Association of glucose metabolism, smoking and cardiovascular risk factors with incident peripheral arterial disease: The DESIR study Academic Article uri icon

abstract

  • AIMS: We determined the 6-year incidence of peripheral arterial disease (PAD) in a French population and assessed the association of glucose metabolism, smoking, cardiovascular risk factors and physical activity with incident PAD. METHODS: Participants from the French Data from a Epidemiological Study on the Insulin Resistance Syndrome (DESIR) were studied. Participants analysed were 30-65 years (at baseline) and had complete data (n=3805) after 6 years of follow-up. Diabetes was diagnosed according to the 1999 WHO criteria on the basis of fasting plasma glucose results or previous diagnosis of diabetes mellitus. The ankle brachial pressure index (ABPI) and a claudication question were used to classify PAD. RESULTS: The 6-year incidence of PAD (defined by ABPI<0.9 and or claudication present) among those with normal fasting glucose (NFG) and free of PAD at baseline was 5.1%. Among those with impaired fasting glucose (IFG) at baseline the incidence of PAD was 4.9% and among those with diabetes mellitus at baseline the incidence of PAD was 9.8%. The incidence of PAD among those who maintained NFG over 6 years was 4.7% and among those who progressed to diabetes over 6 years was 10.2%. Those who progressed from NFG or IFG to diabetes over 6 years were twice as likely to develop PAD compared to those who maintained NFG over 6 years, after adjustment for age and sex (OR (95% CI), 2.22 (1.12-4.42)). Independent risk factors for incident PAD using baseline population characteristics were diabetes (OR (95% CI) 2.11 (1.25-3.55)), systolic BP 122-135mmHg 1.06 (0.70-1.60), >135mmHg 1.54 (1.04-2.27) and current smoking 1.60 (1.10-2.34) after multivariate adjustment for age, sex, cholesterol, triglycerides and waist circumference. CONCLUSIONS: This French study shows that those who progress to diabetes are twice as likely to develop PAD, compared to those who maintain NFG. Peripheral arterial disease is a treatable condition and more aggressive management of atherosclerotic risk factors could reduce the numbers of people who develop PAD.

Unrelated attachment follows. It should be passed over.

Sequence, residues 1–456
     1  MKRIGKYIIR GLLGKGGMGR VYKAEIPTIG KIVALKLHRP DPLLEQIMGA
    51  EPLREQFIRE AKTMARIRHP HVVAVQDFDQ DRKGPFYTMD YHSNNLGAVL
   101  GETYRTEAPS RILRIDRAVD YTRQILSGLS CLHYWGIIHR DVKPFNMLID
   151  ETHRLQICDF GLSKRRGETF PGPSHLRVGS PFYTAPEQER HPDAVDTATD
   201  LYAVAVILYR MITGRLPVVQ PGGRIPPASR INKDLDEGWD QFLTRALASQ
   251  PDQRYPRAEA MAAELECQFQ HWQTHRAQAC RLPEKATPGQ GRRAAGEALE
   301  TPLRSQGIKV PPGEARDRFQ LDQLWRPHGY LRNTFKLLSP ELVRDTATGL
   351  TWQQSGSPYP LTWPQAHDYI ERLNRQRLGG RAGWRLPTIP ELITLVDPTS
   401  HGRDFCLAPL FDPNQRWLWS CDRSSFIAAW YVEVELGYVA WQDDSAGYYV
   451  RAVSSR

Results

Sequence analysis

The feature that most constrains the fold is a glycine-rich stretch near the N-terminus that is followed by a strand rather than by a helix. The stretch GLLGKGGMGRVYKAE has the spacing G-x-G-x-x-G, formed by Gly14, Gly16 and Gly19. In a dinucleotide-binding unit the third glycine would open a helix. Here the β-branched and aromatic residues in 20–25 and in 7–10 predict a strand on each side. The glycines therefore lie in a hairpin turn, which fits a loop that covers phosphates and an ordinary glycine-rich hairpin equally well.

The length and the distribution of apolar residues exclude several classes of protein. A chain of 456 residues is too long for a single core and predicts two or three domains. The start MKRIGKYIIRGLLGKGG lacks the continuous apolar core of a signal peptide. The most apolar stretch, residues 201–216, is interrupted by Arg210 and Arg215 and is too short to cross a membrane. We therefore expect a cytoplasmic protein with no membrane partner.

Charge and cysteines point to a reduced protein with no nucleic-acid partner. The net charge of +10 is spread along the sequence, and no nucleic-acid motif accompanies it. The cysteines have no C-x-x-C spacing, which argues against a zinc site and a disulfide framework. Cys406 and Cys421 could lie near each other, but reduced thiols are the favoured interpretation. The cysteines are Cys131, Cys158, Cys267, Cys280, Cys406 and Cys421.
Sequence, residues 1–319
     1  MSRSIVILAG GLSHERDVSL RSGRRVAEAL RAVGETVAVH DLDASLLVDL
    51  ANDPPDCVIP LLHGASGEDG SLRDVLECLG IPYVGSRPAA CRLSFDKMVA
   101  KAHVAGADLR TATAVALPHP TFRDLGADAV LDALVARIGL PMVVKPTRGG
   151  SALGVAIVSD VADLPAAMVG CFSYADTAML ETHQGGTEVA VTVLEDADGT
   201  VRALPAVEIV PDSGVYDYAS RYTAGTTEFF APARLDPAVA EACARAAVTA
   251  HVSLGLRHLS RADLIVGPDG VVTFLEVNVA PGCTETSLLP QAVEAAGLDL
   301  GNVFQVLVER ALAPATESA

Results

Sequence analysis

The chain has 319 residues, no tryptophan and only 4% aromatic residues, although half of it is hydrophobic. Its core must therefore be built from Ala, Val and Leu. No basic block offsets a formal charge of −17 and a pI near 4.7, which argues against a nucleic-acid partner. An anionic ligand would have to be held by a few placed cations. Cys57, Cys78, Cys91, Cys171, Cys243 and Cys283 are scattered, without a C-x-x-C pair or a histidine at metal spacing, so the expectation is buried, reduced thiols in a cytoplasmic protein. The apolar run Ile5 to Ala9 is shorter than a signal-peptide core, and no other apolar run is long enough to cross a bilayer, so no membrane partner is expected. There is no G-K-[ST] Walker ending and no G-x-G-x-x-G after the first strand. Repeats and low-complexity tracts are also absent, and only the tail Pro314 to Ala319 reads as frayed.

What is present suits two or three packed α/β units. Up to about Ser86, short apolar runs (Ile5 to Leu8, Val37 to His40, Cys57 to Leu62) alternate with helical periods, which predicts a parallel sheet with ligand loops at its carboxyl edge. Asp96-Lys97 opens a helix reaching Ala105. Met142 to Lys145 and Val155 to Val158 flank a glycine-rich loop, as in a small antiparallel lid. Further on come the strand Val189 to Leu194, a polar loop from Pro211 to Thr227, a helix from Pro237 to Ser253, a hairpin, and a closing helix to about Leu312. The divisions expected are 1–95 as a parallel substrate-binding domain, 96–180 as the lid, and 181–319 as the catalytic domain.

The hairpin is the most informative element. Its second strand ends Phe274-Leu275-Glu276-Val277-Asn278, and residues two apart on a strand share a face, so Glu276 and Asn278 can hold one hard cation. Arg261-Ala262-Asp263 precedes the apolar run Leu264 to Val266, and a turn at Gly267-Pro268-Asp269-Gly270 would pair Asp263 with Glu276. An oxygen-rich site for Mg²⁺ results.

authors

  • Tapp, Robyn J
  • Balkau, Beverley
  • Shaw, Jonathan E
  • Valensi, Paul
  • Cailleau, Martine
  • Eschwege, Eveline

publication date

  • January 2007